5.2.1: Bridge Edgelands, Cambridge

The River Cam is part of a longer term body of environmental and social documentary work in different media about ‘Cam Edgelands’ that is central to my practice going forward. The river is just down the road from my house and an area where in normal times I walk nearly everyday for exercise. I have nearly 2000 images of this bridge dating back to 2009, taken with cameras of varying technical quality and with varying technical skill on my part. But, together with my thousands of other images of other bridges and ‘edgeland’ features on this regular walk, the Bridge will continue to be an important ongoing part of my creative practice. There is also a potentially important local audience and market for physical images: photographic prints and art prints in different printmaking media, photobooks and sketchbooks eg as part of submission to Cambridge Open Studios, and more socially-interested Cambridge residents and tourists. As well as on-line presentation, interest from Cambridge Camera Club and other creative networks in Cambridge.

Thematically in this module, part of my motivation to focus on the Bridge in Assignment 5 is because it shows a body of work around peri-urban ‘sublime and grunge’ and concerns about poverty, alienation and pollution in the UK where I live. To balance work on these concerns in contexts like Kyrgyzstan where I am an outsider and where attention to the less than beautiful aspects could be misinterpreted as ‘rich world complacency and racist prejudice’ .

!!NOTE STILL TODO

!!!! need more history here when I can meet and talk to people again over the summer. Not sure I will ever be able to find the answers. But it will be interesting to see how things have changed.

I have not been able to go along the river since Lockdown started in March 2020 because it has been used by very many runners working from home along a very narrow towpath without social distancing and a lot of aerosols being expelled for long distance in plumes that are very alarming in cold weather.

But over the summer, COVID/vaccine permitting and before going further with the planned books, I hope to again be able to spend a week or so around the bridge to do a sketchbook exploring the creative prompts as pencils, charcoal and watercolour/gouache. With a diary of text annotations to further clarify the narrative. I am also planning to at least draft a Moving Image version with audio from location in Adobe Premiere to yet further explore what I am trying to say, and as a promotional piece on Facebook for my work.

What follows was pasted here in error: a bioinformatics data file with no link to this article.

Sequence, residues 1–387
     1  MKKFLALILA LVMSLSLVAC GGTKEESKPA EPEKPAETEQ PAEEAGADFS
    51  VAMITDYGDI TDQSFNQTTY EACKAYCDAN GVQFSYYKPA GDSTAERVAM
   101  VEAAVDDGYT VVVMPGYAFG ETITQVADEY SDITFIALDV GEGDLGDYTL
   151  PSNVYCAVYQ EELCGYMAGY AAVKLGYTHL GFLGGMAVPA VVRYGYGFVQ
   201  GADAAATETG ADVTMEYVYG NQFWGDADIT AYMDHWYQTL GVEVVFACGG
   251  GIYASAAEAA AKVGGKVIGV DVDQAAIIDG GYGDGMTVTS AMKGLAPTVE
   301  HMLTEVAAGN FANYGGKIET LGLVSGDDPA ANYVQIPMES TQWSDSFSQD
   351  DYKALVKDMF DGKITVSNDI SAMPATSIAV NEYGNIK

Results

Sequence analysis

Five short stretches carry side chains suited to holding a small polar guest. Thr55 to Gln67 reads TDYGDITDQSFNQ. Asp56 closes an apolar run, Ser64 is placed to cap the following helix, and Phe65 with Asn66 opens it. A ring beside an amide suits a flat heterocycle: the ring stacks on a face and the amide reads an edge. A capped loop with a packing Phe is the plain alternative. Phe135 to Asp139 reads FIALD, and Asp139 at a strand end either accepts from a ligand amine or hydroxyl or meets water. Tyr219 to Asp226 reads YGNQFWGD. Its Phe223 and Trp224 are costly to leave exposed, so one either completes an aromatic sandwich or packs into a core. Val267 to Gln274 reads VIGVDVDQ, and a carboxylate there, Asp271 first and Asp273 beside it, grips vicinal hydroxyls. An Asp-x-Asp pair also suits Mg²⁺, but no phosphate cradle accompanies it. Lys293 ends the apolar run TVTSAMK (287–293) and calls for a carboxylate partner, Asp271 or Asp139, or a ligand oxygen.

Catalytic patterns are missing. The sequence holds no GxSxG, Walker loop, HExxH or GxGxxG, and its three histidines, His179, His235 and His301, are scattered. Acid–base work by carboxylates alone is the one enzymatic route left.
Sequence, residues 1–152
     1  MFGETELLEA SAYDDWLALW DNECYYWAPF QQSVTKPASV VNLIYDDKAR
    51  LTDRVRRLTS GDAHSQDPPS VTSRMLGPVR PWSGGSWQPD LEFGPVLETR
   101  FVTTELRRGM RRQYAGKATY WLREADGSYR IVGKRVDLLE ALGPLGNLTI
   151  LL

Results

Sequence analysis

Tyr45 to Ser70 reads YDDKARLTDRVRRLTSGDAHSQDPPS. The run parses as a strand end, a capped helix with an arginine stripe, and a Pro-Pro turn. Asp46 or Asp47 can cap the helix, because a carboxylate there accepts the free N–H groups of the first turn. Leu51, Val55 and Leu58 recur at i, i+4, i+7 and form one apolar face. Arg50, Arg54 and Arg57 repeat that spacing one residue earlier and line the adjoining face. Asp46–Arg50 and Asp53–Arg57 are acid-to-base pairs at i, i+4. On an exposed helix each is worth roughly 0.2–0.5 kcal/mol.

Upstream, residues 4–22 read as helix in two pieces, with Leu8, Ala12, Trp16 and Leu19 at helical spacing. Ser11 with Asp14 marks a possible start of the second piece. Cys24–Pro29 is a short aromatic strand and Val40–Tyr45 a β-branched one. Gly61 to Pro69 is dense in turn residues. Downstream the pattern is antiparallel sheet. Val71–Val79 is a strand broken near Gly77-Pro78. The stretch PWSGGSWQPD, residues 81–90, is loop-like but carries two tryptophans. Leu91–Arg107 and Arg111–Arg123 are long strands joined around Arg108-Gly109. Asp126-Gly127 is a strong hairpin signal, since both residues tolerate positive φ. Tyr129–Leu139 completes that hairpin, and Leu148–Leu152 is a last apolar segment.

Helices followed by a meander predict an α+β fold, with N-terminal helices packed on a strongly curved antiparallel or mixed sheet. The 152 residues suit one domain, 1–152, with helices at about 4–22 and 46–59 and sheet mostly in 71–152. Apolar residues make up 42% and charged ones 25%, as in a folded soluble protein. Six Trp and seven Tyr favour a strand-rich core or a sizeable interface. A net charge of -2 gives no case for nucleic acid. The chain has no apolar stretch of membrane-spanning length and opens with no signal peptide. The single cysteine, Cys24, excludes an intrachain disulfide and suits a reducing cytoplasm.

Feedback from Cambridge Camera Club on the Reflection series suggested that I crop in more closely for more complete abstraction. Something like the following.

Bridge Edgelands Photo Series:
initial brainstorming

In order to get an overview of the ‘spirit of place’, I started with a free brainstorming of what I thought were potentially the most interesting images and angles that I could use – with some processing in Lightroom and/or Topas AI and/or DxOFX and/or Photoshop to improve technical quality.

This led to an initial ragbag of images that did not have coherence in themselves, but sparked ideas on at least five very different narrative approaches with focus on:

  1. ‘Colour grunge’ traces of human activity: graffiti, wire netting, ‘horse has bolted’, dark reflections. With an overall dark mood of the mess that people leave when they live on the margins.
  2. ‘sublime light’ with geometric angles, colours and finding beauty in the everyday.
  3. ‘human stories untold’
  4. bleak mist and murk
  5. stark dark black and white.

I then decided to use the Creative prompts to explore a series of alternative narratives that would further extend my understanding of potential themes and styles. Before making decisions on themes and styles to combine in an overall narrative – possibly adding further images to fill any important thematic gaps in what I do not already have.